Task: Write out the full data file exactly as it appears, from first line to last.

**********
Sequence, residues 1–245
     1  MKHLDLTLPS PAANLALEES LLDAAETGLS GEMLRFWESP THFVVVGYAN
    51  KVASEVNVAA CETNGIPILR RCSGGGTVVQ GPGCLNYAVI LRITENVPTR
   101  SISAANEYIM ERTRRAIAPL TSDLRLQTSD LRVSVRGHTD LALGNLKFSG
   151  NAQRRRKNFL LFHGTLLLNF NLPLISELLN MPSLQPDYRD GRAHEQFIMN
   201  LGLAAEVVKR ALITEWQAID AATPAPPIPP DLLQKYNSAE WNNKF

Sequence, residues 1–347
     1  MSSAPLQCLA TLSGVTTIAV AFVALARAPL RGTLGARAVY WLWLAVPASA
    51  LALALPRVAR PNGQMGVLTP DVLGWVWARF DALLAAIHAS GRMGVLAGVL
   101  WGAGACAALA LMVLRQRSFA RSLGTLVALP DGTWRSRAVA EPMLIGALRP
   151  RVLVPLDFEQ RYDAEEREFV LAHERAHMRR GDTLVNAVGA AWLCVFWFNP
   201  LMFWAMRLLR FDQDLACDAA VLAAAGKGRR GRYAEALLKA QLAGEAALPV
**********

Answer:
Sequence, residues 1–245
     1  MKHLDLTLPS PAANLALEES LLDAAETGLS GEMLRFWESP THFVVVGYAN
    51  KVASEVNVAA CETNGIPILR RCSGGGTVVQ GPGCLNYAVI LRITENVPTR
   101  SISAANEYIM ERTRRAIAPL TSDLRLQTSD LRVSVRGHTD LALGNLKFSG
   151  NAQRRRKNFL LFHGTLLLNF NLPLISELLN MPSLQPDYRD GRAHEQFIMN
   201  LGLAAEVVKR ALITEWQAID AATPAPPIPP DLLQKYNSAE WNNKF

Sequence, residues 1–347
     1  MSSAPLQCLA TLSGVTTIAV AFVALARAPL RGTLGARAVY WLWLAVPASA
    51  LALALPRVAR PNGQMGVLTP DVLGWVWARF DALLAAIHAS GRMGVLAGVL
   101  WGAGACAALA LMVLRQRSFA RSLGTLVALP DGTWRSRAVA EPMLIGALRP
   151  RVLVPLDFEQ RYDAEEREFV LAHERAHMRR GDTLVNAVGA AWLCVFWFNP
   201  LMFWAMRLLR FDQDLACDAA VLAAAGKGRR GRYAEALLKA QLAGEAALPV